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Opinions June 14, 2011

June 14, 2011
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Indiana Supreme Court
Alva Curtis v. State of Indiana
49S02-1010-CR-620
Criminal. Reverses denial of Curtis’ motion to dismiss. The trial court should have granted Curtis’ motion to dismiss and discharge because the days that counted toward the Rule 4(C) period exceeded 365. Curtis is not entitled to dismissal on fundamental-fairness grounds because he has not been involuntarily committed and there hasn’t been an appropriate finding that he will never be restored to competency. Remands with instructions to dismiss the charging information.

Douglas Denzell v. State of Indiana
49S02-1106-CR-340
Criminal. Affirms denial of Denzell’s motion to dismiss. Denzell does not have a viable fundamental-fairness argument.

Indiana Court of Appeals
Elmos Jewell v. City of Indianapolis
49A02-1010-OV-1228
Local ordinance violation. Affirms finding Jewell violated Section 531-728 of the Revised Code of the Consolidated City and Marion County concerning animal care and other animal matters. The failure to mention this section in the agreed judgment in a previous violation case did not indicate that the city waived enforcement of that provision.  

T.L. v. J.L.
54A01-1008-DR-386
Domestic relation. Affirms grant of father J.L.’s motion to prevent mother T.L. from relocating to Tennessee with their minor sons. Mother has shown good faith and legitimate reasons for proposing the relocation, but the trial court didn’t err in concluding that the relocation wasn’t in the children’s best interests.

State of Indiana v. Robert Rhodes
49A05-1012-CR-818
Criminal. Affirms grant of Rhodes' motion to suppress after he was charged with operating while intoxicated. The state failed to show that compliance with the statute regarding turn signaling was possible under the circumstances and Rhodes was not properly stopped for a traffic violation. The trial court did not err by determining that the officer lacked reasonable suspicion to stop Rhodes.

Richard D. Williams v. State of Indiana (NFP)

87A05-1101-CR-42
Criminal. Affirms sentence following guilty plea to Class C felony forgery, Class D felony fraud, and Class D felony receiving stolen property.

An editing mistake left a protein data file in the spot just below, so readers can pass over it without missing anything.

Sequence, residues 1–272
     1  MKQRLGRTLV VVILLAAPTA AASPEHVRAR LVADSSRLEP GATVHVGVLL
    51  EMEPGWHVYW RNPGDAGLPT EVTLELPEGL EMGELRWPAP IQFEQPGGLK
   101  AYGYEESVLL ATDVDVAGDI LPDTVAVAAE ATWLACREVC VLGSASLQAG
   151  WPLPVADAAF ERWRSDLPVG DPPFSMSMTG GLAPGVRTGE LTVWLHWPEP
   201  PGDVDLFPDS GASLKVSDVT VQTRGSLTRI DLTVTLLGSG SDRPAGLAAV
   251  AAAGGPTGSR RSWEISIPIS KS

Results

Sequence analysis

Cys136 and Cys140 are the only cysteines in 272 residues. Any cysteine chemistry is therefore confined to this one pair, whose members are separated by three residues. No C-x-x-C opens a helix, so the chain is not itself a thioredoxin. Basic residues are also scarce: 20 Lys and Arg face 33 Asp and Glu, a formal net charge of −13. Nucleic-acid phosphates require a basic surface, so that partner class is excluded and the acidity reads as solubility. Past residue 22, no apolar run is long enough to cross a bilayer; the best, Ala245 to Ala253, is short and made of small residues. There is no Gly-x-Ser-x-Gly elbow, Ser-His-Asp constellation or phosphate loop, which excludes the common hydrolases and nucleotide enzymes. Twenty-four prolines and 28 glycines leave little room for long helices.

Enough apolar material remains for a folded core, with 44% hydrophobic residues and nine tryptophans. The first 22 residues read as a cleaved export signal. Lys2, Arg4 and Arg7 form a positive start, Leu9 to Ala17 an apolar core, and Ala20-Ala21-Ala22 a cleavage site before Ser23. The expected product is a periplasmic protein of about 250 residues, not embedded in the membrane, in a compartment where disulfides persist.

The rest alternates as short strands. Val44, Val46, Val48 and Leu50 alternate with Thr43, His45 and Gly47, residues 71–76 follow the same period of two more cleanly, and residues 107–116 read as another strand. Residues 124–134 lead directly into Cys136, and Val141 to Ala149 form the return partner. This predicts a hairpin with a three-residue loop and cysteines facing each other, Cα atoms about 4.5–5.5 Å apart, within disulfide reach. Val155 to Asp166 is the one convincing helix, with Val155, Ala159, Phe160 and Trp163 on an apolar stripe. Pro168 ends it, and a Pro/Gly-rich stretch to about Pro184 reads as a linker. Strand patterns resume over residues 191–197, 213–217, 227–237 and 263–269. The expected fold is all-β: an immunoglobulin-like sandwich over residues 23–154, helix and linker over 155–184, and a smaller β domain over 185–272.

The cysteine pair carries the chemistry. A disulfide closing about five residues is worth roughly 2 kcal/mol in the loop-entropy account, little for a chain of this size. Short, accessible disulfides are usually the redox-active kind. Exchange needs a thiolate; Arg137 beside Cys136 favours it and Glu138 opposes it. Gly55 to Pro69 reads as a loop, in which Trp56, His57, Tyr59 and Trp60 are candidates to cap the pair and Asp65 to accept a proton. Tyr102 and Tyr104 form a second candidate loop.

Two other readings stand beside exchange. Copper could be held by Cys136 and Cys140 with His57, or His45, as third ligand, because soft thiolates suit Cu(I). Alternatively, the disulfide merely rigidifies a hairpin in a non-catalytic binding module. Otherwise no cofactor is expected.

B.B. v. State of Indiana (NFP)
71A05-1012-JV-791
Juvenile. Affirms modification of order awarding wardship of B.B. to the Indiana Department of Correction.

Karen Vanderbosch v. Thomas Vanderbosch (NFP)
02A03-1007-DR-357
Domestic relation. Reverses order finding that Thomas Vanderbosch overpaid child support, giving him a credit for that overpayment; and finding that one of his children repudiated his relationship with Thomas and thereby eliminated Thomas’ obligation to contribute to post-secondary educational expenses. Remands for further proceedings.

James D. Bailey, Jr. v. State of Indiana (NFP)
45A05-1006-CR-337
Criminal. Affirms conviction of felony murder in perpetration of a robbery.

Purnell L. Moore v. State of Indiana (NFP)
54A01-1011-CR-593
Criminal. Affirms order directing Moore serve the remaining four years of his suspended sentence following the revocation of his probation.

Elizabeth Noll v. State of Indiana (NFP)
29A04-1010-CR-651
Criminal. Affirms conviction of intimidation as a Class A misdemeanor.

James D. Douglas v. State of Indiana (NFP)
73A01-1010-CR-586
Criminal. Affirms revocation of probation and order that Douglas serve one year of his remaining sentence in prison.

David Marsee v. State of Indiana (NFP)
17A03-1010-CR-520
Criminal. Affirms conviction of dealing in methamphetamine as a Class A felony.

Mark Rector Bryan v. Tammy A. Bryan (NFP)

82A01-1008-DR-416